It was hot. Brutally hot. Like, seep in through the skin scorched sinew and marrow hot, or watch happiness evaporate in smoky tendrils hot. Like, melt your very core down to meaninglessness hot. The citygoers in Altique were weary of the relentless sun beating down on them. They were tired of terrible long days bleeding into miserable nights, of feeling their life force diffuse slowly into the atmosphere, tired of this endless, hellish summer. And they were jaded by the unnamed illness that had crept in with the season. It slinked in through the filthy, labyrinthine streets, striking mercilessly at the defenseless population.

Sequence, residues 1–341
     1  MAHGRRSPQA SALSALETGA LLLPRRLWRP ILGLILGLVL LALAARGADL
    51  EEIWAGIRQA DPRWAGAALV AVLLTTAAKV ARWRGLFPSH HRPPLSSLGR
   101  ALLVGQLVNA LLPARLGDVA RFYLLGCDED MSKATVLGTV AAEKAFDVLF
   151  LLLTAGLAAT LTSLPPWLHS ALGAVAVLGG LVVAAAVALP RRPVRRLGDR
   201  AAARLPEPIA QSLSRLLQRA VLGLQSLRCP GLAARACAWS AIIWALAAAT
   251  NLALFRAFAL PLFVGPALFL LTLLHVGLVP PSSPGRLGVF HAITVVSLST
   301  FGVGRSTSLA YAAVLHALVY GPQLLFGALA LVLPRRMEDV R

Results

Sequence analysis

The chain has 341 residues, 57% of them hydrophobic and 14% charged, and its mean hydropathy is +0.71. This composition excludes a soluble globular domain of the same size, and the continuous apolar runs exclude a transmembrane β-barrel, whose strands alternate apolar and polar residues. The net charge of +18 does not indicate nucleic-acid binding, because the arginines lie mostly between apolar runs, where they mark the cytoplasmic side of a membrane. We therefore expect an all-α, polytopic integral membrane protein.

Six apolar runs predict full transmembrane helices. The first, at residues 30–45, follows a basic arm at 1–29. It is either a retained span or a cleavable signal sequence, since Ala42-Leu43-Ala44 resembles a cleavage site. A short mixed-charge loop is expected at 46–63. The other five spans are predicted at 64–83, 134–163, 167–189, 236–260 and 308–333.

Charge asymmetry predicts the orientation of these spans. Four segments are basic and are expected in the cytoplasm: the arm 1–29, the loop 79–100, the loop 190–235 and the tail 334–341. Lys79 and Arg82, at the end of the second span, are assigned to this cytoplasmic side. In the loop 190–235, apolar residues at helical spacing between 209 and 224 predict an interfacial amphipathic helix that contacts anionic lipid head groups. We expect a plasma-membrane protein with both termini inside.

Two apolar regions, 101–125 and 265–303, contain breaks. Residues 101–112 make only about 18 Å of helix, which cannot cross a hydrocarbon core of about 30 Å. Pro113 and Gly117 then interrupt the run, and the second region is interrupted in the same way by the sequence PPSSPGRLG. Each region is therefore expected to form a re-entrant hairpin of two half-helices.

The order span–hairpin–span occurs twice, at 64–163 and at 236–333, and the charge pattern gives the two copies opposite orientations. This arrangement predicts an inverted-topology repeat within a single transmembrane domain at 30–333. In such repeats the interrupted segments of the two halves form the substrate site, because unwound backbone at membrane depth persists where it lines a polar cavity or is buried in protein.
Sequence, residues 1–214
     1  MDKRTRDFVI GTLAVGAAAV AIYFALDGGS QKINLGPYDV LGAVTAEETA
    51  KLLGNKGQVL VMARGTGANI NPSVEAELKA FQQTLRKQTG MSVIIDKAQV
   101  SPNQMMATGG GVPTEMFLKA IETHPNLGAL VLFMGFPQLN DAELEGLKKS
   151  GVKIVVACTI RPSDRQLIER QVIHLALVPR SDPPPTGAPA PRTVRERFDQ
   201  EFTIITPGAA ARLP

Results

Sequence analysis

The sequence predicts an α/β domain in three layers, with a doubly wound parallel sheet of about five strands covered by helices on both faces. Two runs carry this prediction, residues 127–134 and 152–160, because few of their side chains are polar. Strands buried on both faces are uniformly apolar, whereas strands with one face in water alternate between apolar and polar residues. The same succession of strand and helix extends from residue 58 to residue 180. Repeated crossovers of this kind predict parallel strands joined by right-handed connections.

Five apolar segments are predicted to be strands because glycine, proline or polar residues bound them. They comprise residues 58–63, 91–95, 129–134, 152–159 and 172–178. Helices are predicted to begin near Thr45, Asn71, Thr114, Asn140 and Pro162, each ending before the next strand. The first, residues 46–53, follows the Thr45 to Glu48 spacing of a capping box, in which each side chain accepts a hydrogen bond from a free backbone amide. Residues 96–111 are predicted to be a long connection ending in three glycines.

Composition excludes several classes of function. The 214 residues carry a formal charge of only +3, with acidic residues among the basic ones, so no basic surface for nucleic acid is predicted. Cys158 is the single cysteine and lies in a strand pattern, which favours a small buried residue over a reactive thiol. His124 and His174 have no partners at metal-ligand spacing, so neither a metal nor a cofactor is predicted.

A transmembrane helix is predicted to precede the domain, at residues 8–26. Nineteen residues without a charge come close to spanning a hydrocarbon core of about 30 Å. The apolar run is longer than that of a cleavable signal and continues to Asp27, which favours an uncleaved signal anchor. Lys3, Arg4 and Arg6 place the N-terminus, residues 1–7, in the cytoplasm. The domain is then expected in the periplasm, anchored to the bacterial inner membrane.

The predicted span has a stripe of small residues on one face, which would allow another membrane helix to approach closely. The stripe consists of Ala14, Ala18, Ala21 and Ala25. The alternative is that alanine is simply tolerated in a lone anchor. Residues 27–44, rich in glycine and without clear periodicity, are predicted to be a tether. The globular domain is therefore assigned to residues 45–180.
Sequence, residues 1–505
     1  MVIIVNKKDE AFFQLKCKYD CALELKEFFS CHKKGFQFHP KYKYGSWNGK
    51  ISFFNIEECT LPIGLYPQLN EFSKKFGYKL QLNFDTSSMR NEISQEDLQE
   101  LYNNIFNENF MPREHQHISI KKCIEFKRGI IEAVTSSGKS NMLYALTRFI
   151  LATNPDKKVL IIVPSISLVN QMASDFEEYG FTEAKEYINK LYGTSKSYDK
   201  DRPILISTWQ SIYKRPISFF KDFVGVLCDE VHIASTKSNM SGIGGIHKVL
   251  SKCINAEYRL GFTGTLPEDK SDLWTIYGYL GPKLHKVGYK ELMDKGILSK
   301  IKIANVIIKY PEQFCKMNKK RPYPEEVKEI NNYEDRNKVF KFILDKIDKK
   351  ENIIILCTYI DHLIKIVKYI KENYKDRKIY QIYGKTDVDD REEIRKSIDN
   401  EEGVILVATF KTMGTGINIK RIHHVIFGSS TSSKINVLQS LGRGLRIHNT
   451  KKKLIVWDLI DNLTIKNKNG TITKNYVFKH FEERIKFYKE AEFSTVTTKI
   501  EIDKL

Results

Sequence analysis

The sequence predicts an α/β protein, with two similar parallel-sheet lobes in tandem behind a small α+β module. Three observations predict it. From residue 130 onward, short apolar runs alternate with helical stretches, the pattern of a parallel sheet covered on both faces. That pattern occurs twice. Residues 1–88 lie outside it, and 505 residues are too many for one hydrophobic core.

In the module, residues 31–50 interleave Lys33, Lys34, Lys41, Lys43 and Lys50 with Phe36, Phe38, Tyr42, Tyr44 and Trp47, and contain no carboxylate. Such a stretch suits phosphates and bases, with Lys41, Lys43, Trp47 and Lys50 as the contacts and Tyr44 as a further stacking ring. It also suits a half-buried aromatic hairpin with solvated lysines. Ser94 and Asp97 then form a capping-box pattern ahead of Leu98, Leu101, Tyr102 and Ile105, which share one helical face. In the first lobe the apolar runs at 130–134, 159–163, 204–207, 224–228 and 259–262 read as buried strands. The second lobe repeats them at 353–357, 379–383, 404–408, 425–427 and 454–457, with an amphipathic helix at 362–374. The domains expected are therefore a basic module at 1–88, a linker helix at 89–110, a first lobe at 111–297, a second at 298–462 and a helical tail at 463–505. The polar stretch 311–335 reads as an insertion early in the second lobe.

So they sought relief.
They sought relief under precariously old ceiling fans, which swayed mesmerizingly, or else gathered around mildewing swamp coolers. They sought relief in ragged conversation about the coming autumn, the coming change.
There was no relief.
There is no balm for a crisp, sundried soul. There is no life in a suffocating city. There is no cure for this disease.